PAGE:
Millennials leading the way in saving for retirement
But it’s also become apparent that many younger workers are also managing to put away a significant amount each month – in some cases up to 15% of their income – by making some considerable sacrifices. Some of these are undoubtedly luxuries, such as eating out and going on holiday, but the savings are substantial: restaurants on average charge a mark-up of 300%, making eating at home a great way to cut costs. The rise of the ‘staycation’ – saving money by holidaying at home and exploring free or cheap activities to enjoy – also helps younger people to find more money to put towards their savings instead.
However, some of the costs that millennials are willing to cut in order to save are at the opposite end of the scale. More young people are choosing not to continue in education to help them save. The financial benefits of this are twofold: not only does this remove the expense of continuing on to college or university, but it also allows a young person to begin working full time earlier in their life, which in turn allows them to start saving sooner. It’s a sacrifice some would not be willing to make but is nonetheless an attractive option for others, especially as more opportunities to earn qualifications through full time work become available.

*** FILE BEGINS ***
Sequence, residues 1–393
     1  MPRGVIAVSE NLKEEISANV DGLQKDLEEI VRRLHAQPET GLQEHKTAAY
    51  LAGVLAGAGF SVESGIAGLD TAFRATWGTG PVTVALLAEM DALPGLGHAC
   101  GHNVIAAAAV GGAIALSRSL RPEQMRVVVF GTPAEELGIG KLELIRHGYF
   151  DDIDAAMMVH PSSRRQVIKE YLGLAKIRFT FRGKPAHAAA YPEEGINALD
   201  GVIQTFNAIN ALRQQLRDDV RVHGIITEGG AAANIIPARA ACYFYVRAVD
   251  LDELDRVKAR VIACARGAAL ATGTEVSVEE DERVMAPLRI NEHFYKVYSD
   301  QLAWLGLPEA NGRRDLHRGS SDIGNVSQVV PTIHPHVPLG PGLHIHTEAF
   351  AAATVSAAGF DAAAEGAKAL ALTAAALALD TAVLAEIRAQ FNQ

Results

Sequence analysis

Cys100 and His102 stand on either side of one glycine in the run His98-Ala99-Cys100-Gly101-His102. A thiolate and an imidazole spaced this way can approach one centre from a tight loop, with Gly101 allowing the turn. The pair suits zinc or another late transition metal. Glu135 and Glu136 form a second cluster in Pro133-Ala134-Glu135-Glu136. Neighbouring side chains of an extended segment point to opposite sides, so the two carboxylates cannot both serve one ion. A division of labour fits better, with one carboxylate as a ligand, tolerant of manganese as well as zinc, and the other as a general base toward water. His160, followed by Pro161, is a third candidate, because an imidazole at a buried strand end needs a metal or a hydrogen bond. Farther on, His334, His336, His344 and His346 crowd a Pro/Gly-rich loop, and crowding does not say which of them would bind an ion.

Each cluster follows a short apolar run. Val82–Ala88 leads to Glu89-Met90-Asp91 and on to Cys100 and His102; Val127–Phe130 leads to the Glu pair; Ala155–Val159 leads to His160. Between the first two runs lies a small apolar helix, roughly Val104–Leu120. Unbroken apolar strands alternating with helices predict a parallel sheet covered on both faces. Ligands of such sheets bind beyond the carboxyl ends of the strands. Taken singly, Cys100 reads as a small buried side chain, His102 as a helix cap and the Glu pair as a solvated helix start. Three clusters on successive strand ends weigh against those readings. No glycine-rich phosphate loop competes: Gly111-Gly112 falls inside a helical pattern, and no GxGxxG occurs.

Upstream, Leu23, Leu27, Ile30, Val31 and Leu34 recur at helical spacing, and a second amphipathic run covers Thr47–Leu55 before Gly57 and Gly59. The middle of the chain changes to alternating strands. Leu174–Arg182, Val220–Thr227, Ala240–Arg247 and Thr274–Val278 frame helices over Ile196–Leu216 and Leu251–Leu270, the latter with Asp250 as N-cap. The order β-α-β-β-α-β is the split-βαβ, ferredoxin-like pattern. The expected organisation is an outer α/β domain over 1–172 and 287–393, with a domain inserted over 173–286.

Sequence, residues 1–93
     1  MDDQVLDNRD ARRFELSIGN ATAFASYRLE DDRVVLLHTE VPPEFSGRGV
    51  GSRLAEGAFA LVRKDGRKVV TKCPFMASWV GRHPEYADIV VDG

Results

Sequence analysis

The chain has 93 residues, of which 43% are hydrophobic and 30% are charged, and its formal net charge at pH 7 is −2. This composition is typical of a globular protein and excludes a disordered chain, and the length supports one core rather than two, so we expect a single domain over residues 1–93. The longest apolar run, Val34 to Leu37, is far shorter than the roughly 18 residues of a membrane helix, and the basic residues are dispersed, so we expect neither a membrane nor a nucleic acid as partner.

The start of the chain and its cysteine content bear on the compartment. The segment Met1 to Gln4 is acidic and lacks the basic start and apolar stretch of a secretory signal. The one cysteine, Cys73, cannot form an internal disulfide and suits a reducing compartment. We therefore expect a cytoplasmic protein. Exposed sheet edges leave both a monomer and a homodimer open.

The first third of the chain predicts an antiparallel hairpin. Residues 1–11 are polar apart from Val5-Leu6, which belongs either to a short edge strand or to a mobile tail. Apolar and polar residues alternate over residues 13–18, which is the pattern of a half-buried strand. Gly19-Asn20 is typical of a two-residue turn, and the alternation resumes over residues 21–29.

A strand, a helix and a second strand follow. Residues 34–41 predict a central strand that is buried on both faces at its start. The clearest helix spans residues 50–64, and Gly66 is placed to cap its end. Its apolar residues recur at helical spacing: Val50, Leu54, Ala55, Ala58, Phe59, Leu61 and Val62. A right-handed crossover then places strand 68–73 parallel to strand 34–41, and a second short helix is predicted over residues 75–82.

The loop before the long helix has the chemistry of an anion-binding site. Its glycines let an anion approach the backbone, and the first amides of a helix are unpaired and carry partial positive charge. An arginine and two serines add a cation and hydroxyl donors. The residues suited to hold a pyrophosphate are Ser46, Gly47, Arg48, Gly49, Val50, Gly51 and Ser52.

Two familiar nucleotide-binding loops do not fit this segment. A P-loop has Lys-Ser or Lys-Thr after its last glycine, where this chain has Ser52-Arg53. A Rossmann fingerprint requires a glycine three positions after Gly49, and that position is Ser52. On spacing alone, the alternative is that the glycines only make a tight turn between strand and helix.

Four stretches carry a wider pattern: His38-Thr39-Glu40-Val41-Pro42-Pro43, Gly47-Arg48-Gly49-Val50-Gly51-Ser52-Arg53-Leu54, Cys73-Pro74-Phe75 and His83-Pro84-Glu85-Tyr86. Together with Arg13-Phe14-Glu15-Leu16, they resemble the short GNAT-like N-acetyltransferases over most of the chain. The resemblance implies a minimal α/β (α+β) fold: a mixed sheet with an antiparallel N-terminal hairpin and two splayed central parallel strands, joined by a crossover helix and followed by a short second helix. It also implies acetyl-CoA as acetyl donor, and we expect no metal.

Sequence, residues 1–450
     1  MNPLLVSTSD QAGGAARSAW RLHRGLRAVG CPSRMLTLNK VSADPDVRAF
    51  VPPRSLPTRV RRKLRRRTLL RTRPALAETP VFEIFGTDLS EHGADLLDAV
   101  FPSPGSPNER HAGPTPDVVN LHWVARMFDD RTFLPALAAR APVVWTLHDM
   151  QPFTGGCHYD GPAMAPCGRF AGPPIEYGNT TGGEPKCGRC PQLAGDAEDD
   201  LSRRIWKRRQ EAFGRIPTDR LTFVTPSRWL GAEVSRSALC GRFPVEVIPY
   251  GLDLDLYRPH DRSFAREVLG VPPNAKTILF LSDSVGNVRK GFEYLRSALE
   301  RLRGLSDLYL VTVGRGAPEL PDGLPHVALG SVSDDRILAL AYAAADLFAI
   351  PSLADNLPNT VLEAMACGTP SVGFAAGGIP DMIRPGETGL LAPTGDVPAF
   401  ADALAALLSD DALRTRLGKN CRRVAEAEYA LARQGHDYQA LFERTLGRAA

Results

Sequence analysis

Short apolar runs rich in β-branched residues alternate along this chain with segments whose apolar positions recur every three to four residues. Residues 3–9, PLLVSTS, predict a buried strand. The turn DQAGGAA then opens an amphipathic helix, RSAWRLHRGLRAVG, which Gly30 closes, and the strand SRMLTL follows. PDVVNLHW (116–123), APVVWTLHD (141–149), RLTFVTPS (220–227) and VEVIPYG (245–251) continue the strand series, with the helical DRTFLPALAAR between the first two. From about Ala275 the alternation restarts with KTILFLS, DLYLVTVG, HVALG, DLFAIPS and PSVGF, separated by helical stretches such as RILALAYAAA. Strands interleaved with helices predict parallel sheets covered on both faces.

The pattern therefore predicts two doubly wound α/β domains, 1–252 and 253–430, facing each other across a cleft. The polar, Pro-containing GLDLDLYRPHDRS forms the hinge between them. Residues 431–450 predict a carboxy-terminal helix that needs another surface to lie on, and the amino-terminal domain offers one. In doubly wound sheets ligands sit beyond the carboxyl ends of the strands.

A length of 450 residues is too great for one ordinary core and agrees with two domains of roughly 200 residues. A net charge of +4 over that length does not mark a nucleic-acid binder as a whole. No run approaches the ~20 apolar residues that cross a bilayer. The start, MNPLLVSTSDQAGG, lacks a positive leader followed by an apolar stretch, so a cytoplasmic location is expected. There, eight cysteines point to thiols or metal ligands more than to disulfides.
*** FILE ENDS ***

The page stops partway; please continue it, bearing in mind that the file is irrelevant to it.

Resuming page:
Housing and car ownership are also areas where considerable savings can be made. Perhaps the most personal sacrifice some millennials are making is to limit the number of children they have in order to find more money to save.
It will always be a matter of individual choice as to what people decide to spend or not spend their money on but the data highlights that the decisions made now have a significant impact for the future.